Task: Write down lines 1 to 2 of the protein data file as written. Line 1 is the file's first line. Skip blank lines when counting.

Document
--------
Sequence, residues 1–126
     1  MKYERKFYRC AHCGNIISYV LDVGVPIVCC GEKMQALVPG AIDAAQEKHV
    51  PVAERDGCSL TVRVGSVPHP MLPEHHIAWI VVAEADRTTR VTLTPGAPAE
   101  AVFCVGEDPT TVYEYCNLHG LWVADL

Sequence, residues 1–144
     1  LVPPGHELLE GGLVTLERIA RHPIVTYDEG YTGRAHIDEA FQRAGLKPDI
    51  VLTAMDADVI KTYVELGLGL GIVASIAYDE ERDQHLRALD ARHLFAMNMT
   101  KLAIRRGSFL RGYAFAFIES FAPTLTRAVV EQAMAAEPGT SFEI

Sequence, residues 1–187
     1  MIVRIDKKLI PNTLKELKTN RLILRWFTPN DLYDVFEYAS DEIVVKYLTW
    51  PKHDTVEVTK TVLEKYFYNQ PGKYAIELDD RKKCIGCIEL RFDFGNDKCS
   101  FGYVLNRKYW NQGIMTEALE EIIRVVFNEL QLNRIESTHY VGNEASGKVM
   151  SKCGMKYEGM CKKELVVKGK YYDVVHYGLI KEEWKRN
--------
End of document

Sequence, residues 1–126
     1  MKYERKFYRC AHCGNIISYV LDVGVPIVCC GEKMQALVPG AIDAAQEKHV